- Linh Pham/Getty Images
- The Thai cave rescue mission may help boost the popularity of Thailand’s military junta.
- The military took power in 2014 and has since cracked down on human rights, banned public gatherings, censored media, and jailed critics.
- But the cave rescue mission helped show what the military, and thus the government, can accomplish ahead of potential elections next year.
- The successful mission may help the military if elections go ahead next year and, in the meantime, likely served as a “soft power” victory for all countries involved.
The cave rescue mission in Thailand saved 12 soccer players and their coach, but it may also go some way in saving something else: the reputation of Thailand’s military junta.
Thailand elected an ordinary civilian government in 2011 but it was overthrown in a bloodless coup by the police and military in 2014. Since then, public assembly has been banned with thousands of police deployed to break up pro-democracy protests; more than 100 people have been arrested on lèse–majesté charges, including one man who was sentenced to 35 years jail; and critical media outlets have been forced to close until they agree to self-censorship.
Polls on the government’s popularity have dropped, even hitting a new low at the beginning of the year, and the junta has failed to return democratic rule as promised. But with elections scheduled for early next year, the successful rescue of the Thai soccer team by global volunteers and hundreds of members of the Thai military, may give the government the boost it needs.
“It does help his popularity,” Kan Yuenyong, head of the Siam Intelligence Unit think tank, told Reuters about Prime Minister Prayuth Chan-ocha.
“Once this many soldiers come out to help, people view the army as a reliable unit… We lack civilian specialists so when there is a crisis in this country, we turn to the army,” Kan said.
The military’s ability to lead and speedily complete emergency recoveries is thus a welcome shift compared to the slower speed of political change.
“The armed forces, especially the army, serves an important public function as a provider of service in times of natural disasters like this. So people do see the military is positive when serving civil functions,” Aim Sinpeng, an expert in comparative politics at The University of Sydney, told Business Insider.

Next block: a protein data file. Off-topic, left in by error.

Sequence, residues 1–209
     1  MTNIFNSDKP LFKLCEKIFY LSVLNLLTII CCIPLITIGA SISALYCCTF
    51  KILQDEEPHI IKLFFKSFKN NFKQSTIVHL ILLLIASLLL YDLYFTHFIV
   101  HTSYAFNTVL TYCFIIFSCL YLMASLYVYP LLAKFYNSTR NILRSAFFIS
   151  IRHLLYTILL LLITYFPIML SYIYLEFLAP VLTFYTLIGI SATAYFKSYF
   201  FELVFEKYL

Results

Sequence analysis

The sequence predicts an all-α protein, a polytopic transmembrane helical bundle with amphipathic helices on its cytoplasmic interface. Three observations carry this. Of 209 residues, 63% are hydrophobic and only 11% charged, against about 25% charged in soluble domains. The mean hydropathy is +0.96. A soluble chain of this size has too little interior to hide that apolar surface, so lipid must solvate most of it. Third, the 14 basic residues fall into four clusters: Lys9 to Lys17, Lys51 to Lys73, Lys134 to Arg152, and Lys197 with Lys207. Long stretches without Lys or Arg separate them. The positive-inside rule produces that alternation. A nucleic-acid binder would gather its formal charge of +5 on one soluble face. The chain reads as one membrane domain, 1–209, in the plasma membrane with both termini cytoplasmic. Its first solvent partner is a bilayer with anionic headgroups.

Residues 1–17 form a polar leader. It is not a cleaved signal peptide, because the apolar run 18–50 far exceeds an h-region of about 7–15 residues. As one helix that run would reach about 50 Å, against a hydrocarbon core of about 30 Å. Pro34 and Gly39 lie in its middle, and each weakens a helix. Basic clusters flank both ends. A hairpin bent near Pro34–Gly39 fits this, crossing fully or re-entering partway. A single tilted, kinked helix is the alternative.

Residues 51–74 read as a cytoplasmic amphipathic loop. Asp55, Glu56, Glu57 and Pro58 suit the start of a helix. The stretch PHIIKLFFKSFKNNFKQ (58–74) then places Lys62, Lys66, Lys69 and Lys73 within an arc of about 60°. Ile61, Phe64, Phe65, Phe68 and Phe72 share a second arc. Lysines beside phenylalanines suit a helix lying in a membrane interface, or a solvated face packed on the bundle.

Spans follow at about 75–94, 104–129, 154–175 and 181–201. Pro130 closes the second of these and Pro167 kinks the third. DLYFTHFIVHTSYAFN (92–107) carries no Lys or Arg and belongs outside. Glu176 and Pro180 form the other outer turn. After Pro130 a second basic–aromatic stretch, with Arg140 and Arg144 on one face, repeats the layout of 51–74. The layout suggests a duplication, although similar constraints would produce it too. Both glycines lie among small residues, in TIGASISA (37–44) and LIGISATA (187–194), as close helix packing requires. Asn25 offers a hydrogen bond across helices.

Aim also said there’s a tendency to overlook Thailand being a “heavily militarized country” outside of the government.
Aside from a large reserve, each year hundreds of thousands of young men are entered into a lottery where around a third of them will be conscripted. As a result, most Thais will have a family member or know someone close to them in the armed forces.
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But Aim rejected the idea that Prayut has, or will, try to take credit for the mission’s success.
“The Prime Minister has kept a good distance from it, allowing [the] special mission to stay focused on the task at hand, and has not tried to personalize and intervene for his own government’s gain. That’s something we can actually give him credit for,” she said.
But Prayut likely didn’t need to do much to benefit after the 12 boys and their coach were rescued, as these types of situations generally heighten existing sentiments, according to Elliot Brennan, a research fellow with the Institute for Security and Development Policy in Sweden.
“This kind of good news story raises all boats. Not surprisingly happier populations will prefer the status quo. That may translate as good news for pro-Junta candidates if the election were to go ahead,” Brennan told Business Insider, adding that next year’s repeatedly postponed election could still be pushed back.
Any benefits gained by Thailand’s government may also extend further afield, with “diplomatic point scoring” made by countries who sent volunteers to join the rescue mission, including Australia, whose Prime Minister has already said two of its divers will receive civilian honors.
“Many countries capitalised on the occasion to throw their support behind the rescue – the US, Australia, UK, Japan, China, Myanmar, Laos. Those actions have undoubtedly been a soft power win in many eyes,” Brennan said.
“Despite the global trends to the contrary, the cave rescue showed that soft power isn’t dead.”